Planet Gore

Global-Warming Computer Models: ‘Garbage In, Gospel Out.’

Willie Soon, astrophysicist and geoscientist at the Solar, Stellar and Planetary Sciences Division of the Harvard-Smithsonian Center for Astrophysics, on the problems of using computer modeling to make climate policy:

The annual climate summit opened in Cancun, Mexico this week. A few days earlier, while releasing a new report, Indian Minister of Environment and Forests Jairam Ramesh emphasized: “It is imperative” that India has “sound, evidence-based assessments on the impacts of climate change.”

Not surprisingly, the report, “Climate Change and India: A sectoral and regional analysis for the 2030s,” claims India will soon be able to forecast the timing and intensity of future monsoons that are so critical to its agricultural base.

Could 250 of India’s top scientists be wrong when they say their computers will soon be able to predict summer monsoon rainfall during the 2030s, based on projected carbon dioxide trends? Do “scenarios” generated by climate models really constitute “sound, evidence-based assessments”? Are attempts to predict monsoons and other climate events any more valid for ten or twenty years in the future, than for a century away?

We do not believe it is yet possible to forecast future monsoons, despite more than two centuries of scientific research, or the claims and efforts of these excellent scientists. The Indian summer monsoonal rainfall remains notoriously unpredictable, because it is determined by the interaction of numerous changing and competing factors, including: ocean currents and temperatures, sea surface temperature and wind conditions in the vast Indian and Western Pacific Ocean, phases of the El Nino Southern Oscillation in the equatorial Pacific, the Eurasian and Himalayan winter snow covers, solar energy output, and even wind direction and speed in the equatorial stratosphere some 30-50 kilometers (19-31 miles) aloft.

The rest here.

Most Popular

Film & TV

In Unsane, Aetna Meets Kafka

Unsane doesn’t take the form of a horror film; at first, it appears to be a Hitchcockian thriller about mistaken identity or perhaps getting ensnared in a web of bureaucracy. Yet with clinical detachment it develops into a nerve-flaying story almost too agonizing to endure. Unlike most horror movies, it isn’t ... Read More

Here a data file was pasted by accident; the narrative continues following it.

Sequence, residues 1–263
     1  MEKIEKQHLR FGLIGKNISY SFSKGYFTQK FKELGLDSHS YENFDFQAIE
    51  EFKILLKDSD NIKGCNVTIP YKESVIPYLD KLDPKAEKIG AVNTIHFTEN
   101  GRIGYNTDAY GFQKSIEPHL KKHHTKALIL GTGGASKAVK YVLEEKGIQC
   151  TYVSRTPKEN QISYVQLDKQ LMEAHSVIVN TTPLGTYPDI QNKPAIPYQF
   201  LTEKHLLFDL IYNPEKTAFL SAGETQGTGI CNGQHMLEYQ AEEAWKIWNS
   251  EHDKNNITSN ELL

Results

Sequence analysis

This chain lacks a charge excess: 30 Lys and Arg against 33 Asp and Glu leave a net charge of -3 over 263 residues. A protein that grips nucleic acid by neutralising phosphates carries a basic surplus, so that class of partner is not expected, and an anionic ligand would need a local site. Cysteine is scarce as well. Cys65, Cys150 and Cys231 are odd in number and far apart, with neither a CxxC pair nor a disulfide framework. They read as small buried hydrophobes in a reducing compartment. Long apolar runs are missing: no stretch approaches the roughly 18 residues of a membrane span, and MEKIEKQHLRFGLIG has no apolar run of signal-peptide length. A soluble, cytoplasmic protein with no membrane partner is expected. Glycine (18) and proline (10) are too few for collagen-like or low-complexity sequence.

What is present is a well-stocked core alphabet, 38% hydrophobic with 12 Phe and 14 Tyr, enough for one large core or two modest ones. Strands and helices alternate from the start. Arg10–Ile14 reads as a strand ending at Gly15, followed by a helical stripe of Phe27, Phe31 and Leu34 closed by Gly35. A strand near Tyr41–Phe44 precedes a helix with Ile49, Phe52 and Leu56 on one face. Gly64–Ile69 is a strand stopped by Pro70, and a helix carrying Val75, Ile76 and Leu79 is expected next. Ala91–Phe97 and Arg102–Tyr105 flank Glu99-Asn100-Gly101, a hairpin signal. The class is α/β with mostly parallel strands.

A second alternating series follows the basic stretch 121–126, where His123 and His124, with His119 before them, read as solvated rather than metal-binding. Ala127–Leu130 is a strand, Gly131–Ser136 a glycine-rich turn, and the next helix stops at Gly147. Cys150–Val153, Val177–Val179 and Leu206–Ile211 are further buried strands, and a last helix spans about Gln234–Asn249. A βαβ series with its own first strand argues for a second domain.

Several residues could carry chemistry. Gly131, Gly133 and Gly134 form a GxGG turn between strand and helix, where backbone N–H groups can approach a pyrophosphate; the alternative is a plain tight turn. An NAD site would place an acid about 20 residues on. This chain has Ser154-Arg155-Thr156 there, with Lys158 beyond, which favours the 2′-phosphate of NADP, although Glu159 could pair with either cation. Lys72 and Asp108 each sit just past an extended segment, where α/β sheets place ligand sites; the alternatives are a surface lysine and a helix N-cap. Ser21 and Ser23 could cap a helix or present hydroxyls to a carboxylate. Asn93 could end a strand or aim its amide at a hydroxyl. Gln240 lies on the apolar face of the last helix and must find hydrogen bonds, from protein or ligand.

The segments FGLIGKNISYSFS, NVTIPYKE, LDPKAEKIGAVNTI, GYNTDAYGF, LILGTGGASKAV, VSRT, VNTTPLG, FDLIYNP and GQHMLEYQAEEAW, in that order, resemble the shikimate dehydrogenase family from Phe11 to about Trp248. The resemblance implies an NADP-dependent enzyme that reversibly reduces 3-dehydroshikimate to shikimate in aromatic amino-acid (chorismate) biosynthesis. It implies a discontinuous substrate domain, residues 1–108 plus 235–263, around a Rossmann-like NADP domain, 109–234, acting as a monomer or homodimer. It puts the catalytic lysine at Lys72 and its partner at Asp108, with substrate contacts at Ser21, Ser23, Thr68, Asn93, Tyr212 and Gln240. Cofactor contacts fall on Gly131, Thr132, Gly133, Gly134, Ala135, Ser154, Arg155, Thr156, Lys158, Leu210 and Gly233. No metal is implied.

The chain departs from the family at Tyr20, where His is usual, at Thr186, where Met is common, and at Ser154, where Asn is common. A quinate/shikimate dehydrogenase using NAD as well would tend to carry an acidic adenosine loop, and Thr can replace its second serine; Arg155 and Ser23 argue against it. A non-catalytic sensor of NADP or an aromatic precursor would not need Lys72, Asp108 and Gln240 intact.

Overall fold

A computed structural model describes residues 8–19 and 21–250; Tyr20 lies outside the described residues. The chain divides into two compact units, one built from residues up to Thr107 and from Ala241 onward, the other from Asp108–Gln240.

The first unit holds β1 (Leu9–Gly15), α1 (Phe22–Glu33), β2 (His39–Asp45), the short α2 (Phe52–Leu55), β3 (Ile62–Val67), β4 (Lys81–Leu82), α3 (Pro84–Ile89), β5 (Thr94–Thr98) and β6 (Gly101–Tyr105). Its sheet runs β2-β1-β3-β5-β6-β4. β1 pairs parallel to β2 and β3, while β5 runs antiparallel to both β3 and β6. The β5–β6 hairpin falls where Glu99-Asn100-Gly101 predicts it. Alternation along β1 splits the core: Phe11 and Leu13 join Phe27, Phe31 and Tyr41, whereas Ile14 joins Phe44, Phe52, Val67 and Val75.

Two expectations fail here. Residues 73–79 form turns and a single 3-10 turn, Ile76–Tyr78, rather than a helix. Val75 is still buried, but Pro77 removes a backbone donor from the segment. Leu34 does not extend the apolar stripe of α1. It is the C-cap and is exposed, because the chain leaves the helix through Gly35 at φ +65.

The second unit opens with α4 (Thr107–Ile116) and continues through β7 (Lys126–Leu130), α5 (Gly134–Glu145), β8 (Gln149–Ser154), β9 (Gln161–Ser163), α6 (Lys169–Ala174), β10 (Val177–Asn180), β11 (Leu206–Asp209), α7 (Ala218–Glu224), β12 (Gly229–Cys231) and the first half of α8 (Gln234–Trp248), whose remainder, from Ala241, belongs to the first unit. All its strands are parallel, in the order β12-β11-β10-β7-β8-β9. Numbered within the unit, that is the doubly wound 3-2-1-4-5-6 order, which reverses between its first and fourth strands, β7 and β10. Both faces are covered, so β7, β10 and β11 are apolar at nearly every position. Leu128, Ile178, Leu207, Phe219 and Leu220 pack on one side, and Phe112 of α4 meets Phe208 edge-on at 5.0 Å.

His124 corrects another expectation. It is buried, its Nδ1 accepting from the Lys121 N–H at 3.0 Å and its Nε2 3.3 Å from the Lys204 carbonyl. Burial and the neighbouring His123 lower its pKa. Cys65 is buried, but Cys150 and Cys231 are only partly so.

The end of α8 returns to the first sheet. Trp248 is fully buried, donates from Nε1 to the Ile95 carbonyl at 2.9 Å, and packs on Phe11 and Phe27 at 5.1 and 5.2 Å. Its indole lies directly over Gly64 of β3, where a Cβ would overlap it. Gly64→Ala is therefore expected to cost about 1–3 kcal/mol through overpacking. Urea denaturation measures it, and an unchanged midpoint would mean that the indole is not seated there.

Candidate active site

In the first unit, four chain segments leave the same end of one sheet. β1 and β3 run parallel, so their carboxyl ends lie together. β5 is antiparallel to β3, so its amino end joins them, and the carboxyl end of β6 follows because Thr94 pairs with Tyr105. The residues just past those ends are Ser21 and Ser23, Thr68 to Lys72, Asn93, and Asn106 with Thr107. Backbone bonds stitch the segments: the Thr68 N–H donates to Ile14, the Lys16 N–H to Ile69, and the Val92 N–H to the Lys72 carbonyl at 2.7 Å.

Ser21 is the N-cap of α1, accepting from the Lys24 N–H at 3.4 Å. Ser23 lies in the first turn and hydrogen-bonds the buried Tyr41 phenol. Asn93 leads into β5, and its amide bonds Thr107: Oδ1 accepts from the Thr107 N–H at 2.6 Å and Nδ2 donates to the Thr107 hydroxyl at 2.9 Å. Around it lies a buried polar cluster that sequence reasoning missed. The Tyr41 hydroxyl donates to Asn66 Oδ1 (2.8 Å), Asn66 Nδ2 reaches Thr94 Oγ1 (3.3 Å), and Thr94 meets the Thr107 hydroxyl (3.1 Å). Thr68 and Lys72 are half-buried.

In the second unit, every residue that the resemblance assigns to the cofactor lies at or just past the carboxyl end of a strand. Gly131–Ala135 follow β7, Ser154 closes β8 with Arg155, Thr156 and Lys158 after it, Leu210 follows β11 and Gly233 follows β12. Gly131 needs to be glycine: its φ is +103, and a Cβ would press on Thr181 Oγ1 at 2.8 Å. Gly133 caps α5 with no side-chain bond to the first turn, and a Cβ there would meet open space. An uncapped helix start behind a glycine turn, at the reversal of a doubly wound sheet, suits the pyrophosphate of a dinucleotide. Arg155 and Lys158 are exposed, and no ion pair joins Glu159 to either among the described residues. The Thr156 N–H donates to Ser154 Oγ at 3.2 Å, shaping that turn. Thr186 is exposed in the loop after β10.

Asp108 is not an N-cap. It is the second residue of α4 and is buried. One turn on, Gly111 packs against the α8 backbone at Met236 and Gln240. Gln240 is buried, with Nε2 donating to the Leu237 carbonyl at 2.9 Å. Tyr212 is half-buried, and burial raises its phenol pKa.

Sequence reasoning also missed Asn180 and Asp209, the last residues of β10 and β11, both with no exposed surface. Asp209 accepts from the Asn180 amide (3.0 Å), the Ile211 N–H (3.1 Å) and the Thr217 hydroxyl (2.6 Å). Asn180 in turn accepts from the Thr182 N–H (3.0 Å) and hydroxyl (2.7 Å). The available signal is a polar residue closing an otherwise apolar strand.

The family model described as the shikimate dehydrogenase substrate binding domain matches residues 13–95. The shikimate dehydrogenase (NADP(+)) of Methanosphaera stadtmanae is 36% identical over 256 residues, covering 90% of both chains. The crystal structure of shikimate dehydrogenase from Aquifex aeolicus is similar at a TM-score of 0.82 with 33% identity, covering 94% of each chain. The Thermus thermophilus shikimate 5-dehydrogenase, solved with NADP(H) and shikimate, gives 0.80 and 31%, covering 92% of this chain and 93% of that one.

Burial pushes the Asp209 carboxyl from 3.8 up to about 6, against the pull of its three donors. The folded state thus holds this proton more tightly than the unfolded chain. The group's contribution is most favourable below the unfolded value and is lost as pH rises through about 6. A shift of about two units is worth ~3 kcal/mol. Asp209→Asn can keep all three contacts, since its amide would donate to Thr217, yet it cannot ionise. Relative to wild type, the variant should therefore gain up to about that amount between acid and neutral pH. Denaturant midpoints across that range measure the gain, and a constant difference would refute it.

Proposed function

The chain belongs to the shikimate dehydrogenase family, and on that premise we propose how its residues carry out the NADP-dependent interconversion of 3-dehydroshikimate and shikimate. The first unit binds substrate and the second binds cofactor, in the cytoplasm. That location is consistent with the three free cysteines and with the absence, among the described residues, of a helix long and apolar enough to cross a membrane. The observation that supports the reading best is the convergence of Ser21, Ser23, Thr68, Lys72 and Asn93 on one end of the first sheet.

Viva l’Italia?

Italy has just had elections, with very interesting results. I wanted to talk with Alberto Mingardi, which I have. He is one of the leading classical liberals in Italy -- the director general of the Bruno Leoni Institute, in Milan. (Mingardi himself is Milanese.) He is also an authority in arts and letters. In ... Read More

Putin and the Cult of Leadership

On Sunday, Russian dictator Vladimir Putin won an unsurprising reelection-campaign victory against Communist Party candidate Pavel Grudinin, by a margin of 76.7 percent to 11.8 percent. The results were unsurprising because Putin is a tyrant who murders or imprisons political rivals, and who isn’t afraid to use ... Read More

Trump and Brexit Derangement Syndrome

I am not one of those Brexiteers who believe that Brexit and Trumpism are essentially the same phenomenon in two different countries. To be sure, they both draw on some of the same political trends, notably a distrust of elites and an upsurge of popular anger over evident failures of public policy such as illegal ... Read More

Stand Up to Putin

President Putin’s landslide victory in Russia’s presidential election was achieved against the lackluster competition of a group of mediocre candidates from which the sole serious opponent had been excluded; amid plausible allegations that his security services had tried to poison two Russians in England by ... Read More